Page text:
"[E]ach national variant of fascism draws its legitimacy, as we shall see, not from some universal scripture but from what it considers the most authentic elements of its own community identity. Religion, for example, would certainly play a much larger role in an authentic fascism in the United States than in the first European fascisms, which were pagan for contingent historical reasons." Robert O. Paxton, The Anatomy of Fascism emphasis added, via David Neiwert

Part 2

If "exceptionalism", religious fundamentalism(and Millenialism), and sexual repression ( for examples) are characteristics more common in Americans than in Europeans than it might be said that there is an "American Character" or "Real America" defined as the marginal differences from other Western societies. Just as there are charcteristics of Japanese Western society that define it as Japanese.

That these may have at one time existed in the Northeast (Cotton Mather & Scarlet Letter) and may still be there in isolated minorities does not negate the fact that whatever might be meant as "American" is not more evident in OK and Alabama.

Other countries like freedom and religious tolerance. But very few have a half-dozen 24 hour evangelical cable stations.

Posted by: bob mcmanus | Sep 27, 2004 10:34:30 AM

You mean latte-sipping, Volvo-driving, New York Times-reading freakshows are "real Americans?" What fun is that. I may as well go back to 7-11 coffee, USA Today, and a pickup truck.

Posted by: C.J.Colucci | Sep 27, 2004 10:43:01 AM

"The South seceded because of the superior, dominating attitude of northerners that this post is representative of, that wanted to trample states rights as it was then understood."

The South wanted to keep their slaves, pure and simple. Read the various articles of secession for Christ's sake.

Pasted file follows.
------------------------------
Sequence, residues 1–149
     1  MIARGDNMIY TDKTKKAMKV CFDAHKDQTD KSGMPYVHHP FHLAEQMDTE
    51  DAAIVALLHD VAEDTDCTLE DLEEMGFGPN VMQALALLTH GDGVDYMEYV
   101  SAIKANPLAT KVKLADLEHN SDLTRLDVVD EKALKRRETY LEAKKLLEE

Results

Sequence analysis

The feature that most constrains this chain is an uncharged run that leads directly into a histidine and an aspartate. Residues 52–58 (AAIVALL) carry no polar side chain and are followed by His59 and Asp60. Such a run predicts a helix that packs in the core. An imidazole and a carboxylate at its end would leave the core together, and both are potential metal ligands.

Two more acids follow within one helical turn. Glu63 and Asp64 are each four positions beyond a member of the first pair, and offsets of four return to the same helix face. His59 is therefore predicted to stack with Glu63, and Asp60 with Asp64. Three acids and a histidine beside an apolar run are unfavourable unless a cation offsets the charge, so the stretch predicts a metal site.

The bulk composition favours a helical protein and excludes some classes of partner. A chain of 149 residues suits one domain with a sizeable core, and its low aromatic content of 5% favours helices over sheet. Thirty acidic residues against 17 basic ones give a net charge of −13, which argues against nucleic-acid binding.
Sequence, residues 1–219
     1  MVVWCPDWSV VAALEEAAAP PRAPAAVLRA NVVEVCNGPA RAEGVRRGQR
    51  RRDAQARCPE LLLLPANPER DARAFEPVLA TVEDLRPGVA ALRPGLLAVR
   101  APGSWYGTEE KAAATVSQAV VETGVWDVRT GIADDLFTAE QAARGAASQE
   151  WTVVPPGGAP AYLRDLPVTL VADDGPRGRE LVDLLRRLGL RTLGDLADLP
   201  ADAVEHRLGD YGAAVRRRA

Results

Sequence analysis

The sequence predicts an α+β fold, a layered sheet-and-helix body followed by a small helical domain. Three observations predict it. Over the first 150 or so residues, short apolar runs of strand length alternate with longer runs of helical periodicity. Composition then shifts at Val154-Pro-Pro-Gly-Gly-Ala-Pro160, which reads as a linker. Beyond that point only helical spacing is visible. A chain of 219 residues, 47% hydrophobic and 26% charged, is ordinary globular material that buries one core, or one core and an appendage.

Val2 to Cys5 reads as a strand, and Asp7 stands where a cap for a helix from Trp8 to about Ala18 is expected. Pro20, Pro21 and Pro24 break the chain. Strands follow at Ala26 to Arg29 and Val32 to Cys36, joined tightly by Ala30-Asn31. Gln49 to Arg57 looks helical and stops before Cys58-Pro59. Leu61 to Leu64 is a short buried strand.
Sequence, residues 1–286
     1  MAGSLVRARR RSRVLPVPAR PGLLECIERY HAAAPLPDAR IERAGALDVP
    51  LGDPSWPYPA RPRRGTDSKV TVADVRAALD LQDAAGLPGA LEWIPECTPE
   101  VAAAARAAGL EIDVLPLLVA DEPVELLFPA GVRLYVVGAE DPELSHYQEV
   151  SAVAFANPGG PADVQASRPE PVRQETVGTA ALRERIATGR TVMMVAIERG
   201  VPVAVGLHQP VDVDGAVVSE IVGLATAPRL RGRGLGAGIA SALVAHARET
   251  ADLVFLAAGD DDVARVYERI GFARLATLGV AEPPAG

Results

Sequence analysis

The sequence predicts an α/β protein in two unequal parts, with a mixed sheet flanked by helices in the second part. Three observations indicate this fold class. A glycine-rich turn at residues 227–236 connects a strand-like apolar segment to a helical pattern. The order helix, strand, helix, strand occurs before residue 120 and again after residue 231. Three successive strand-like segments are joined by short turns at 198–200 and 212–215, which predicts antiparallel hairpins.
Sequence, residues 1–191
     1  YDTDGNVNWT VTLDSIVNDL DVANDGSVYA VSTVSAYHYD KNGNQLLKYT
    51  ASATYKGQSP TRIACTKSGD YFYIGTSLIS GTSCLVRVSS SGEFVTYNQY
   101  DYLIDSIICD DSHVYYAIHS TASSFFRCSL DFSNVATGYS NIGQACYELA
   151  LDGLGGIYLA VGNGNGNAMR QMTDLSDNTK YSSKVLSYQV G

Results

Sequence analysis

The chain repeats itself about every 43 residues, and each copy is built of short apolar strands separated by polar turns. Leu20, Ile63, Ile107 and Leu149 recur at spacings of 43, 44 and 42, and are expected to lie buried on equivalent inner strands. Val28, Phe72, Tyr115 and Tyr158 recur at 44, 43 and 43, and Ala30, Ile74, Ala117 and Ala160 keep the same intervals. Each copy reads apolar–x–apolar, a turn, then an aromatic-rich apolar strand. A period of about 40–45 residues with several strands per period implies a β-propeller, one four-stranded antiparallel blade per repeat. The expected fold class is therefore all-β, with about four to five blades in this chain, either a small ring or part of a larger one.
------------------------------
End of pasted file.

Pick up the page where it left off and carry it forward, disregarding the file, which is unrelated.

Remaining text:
"New York City was wildly opposed to fighting the civil war and seriously considered seceding in 1863."

You're attacking the north for not respecting states rights, but, at the same time, its a bad thing that the Democratic party at the time really didn't want war but, nevertheless, wanted to preserve the union?

Posted by: heh | Sep 27, 2004 10:44:12 AM

Speaking from that "big swath of the southeast" (which did indeed secede to preserve chattel slavery, btw--where do these fantasists come from?), it's always seemed to me that the South is not "real America" either, in the media's mind. When the evening news talks to Southerners, we're representative of "the South," that quaint region. The "real Americans" appear to dwell in Ohio and Iowa, for the most part, and possibly eastern Kansas.

As a parallel to that "geographic center of the U.S.", someone needs to give us a map showing the Metaphysically Essential Center of the U.S. Then, when Peter Jennings wants to know what "real Americans" think, ABC can just send a reporter there and ask them. In fact, we could abolish this whole election nonsense and just hold a straw poll in the designated suburb.

Posted by: Anderson | Sep 27, 2004 10:44:30 AM

As a Virginian by migration, it is true that settlers established colonies in Virginia (and actually North Carolina even earlier) before Massachusetts. It's also true that almost everybody in these colonies died, and therefore the first enduring, permanent settlement was in Massachusetts.

Posted by: Barbara | Sep 27, 2004 10:50:58 AM